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In a fear-driven reaction to recent hacking events I thought over my password strategy. The basic question is are my saved passwords in FireFox safe from remote access?

I.e. where are they kept, are they kept in plain text, are there known vulnerabilities.

I run OS X 10.6 & Windows 7.

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up vote 6 down vote accepted

Firefox keeps your passwords in your profile, and in most/all versions since v2.0 this data is encrypted.

Check out here: for locations of the password files on Windows (various versions), Linux and Mac.

  • key3.db - Key database
  • signons.txt - Previous to - Encrypted saved passwords, requires key3.db to work
  • signons2.txt - and above - Encrypted saved passwords (and URL exceptions where "NEVER SAVE PASSWORD" is selected), requires key3.db to work
  • signons3.txt - 3.0 and above - Encrypted saved passwords (and URL exceptions where "NEVER SAVE PASSWORD" is selected), requires key3.db to work
  • signons.sqlite - 3.5 and above - Encrypted saved passwords (and URL exceptions where "NEVER SAVE PASSWORD" is selected), requires key3.db to work.
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But what kind of encryption does Firefox use? I can find no Mozilla web page that makes this clear. They just say "encrypted" which is less than informative. – rlandster May 20 '12 at 7:20

From Firefox Help - Recovering important data from an old profile:

Your passwords are stored in two different files, both of which are required:

  • key3.db - This file stores your key database for your passwords. To transfer saved passwords, you must copy this file along with the following file.
  • signons.sqlite - Saved passwords.

Thus, I would try searching your computer for these two files and checking them out for yourself...

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I wouldn't trust it though. My friend installed Chrome and it was able to copy his passwords over. If Chrome can do it, viruses can. – tjameson Apr 5 '11 at 17:51
He didn't use encryption in that case. If he did, this wouldn't work. – Henno Apr 5 '11 at 17:55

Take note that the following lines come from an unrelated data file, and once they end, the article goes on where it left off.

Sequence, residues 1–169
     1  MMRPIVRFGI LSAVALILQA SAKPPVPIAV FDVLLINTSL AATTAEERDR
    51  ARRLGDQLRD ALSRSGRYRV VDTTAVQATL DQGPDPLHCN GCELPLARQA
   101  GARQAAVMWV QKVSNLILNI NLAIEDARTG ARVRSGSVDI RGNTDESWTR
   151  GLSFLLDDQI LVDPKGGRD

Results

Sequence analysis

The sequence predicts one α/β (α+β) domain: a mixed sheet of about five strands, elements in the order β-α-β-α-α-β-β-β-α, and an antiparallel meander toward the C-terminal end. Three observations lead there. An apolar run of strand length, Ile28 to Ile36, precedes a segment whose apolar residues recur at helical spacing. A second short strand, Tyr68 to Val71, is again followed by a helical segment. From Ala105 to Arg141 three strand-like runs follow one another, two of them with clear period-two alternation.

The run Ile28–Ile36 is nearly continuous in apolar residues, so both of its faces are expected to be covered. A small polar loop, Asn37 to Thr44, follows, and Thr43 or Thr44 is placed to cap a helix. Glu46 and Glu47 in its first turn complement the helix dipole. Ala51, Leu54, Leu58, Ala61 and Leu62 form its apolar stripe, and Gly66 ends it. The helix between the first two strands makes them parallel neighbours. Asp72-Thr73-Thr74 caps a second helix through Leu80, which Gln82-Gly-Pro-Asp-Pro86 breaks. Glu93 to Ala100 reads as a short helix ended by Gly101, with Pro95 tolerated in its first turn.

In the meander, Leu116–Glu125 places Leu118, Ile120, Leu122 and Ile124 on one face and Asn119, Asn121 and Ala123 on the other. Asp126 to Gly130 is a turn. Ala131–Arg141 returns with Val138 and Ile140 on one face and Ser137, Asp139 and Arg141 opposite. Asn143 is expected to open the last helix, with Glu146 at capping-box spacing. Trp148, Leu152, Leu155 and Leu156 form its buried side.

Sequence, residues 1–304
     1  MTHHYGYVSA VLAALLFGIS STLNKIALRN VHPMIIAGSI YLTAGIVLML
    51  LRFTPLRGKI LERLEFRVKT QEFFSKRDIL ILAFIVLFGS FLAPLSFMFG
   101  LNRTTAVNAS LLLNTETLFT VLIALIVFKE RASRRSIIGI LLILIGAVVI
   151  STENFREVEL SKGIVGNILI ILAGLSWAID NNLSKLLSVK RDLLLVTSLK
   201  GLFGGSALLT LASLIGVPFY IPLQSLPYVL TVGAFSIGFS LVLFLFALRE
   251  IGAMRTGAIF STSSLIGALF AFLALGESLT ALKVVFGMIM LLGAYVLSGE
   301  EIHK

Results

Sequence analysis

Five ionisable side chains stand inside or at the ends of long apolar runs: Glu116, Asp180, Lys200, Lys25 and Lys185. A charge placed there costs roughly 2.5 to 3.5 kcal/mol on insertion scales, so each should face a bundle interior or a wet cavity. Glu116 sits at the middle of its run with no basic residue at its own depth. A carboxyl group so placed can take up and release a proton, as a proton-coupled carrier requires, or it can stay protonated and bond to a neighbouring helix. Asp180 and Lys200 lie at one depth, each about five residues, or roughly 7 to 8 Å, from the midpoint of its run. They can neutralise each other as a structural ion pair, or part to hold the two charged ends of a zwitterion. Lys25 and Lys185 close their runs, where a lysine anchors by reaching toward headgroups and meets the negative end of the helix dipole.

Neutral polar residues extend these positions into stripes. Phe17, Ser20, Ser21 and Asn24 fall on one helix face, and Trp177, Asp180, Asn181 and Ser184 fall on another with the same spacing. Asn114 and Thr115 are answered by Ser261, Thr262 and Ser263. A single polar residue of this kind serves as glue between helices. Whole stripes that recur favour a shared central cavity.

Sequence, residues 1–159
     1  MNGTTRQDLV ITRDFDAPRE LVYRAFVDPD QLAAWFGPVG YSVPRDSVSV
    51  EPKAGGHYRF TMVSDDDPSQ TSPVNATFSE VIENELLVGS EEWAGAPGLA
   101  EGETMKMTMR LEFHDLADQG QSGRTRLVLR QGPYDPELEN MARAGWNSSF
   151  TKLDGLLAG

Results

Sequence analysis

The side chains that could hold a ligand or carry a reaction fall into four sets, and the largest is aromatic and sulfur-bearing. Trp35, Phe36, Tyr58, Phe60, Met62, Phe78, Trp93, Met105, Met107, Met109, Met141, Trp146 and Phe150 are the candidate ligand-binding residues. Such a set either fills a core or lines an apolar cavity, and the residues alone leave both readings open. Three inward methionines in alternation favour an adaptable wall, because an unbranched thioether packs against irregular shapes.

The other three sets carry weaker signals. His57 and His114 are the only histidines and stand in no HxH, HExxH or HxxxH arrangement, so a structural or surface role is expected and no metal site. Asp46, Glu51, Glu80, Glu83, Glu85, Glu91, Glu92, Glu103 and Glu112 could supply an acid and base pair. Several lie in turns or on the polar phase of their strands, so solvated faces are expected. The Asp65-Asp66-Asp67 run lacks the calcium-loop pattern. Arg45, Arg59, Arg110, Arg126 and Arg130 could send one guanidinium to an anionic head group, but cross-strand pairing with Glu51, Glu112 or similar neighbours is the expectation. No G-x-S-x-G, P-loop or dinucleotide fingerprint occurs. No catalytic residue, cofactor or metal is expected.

If the OP encrypted these files, he would be safe... – studiohack Apr 5 '11 at 17:59
tjameson suggests that since Chrome can copy the passwords they are not safe. This isn't necessarily so. The passwords are encrypted using the master password. Chrome can copy the files containing the encrypted password, and it can decrypt them if it has the master password. It knows how to decrypt them because the method of encryption is public. It's the key (the master password) that keeps things safe. So the reason Chrome was able to decrypt the file was that the user supplied the master password. – Wayne Johnston Apr 6 '11 at 1:31

password forensics has an overview and tools for recovery. The latter is a brute force attack on the master password (if you have it, which you should). The security is as good as your password, basically. This link has more details (same site).

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"...Firefox does encrypt the passwords you ask it to remember..." Source

But it's also important to note that anyone who has access to your computer can easily access all of your remembered passwords.

Tools -> Options -> Security tab -> Saved Passwords -> Show Passwords

This list will be filled with all of your remembered usernames and passwords, as well as the site they go to

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My friend had a master password set, but that wasn't enough to stop Chrome from copying the passwords over. I wouldn't trust the security of it. Any virus that knows how to make SQLite queries can recover data. – tjameson Apr 5 '11 at 17:57
Firefox does encrypt the passwords if you use a master password. See…. – Wayne Johnston Apr 6 '11 at 1:27

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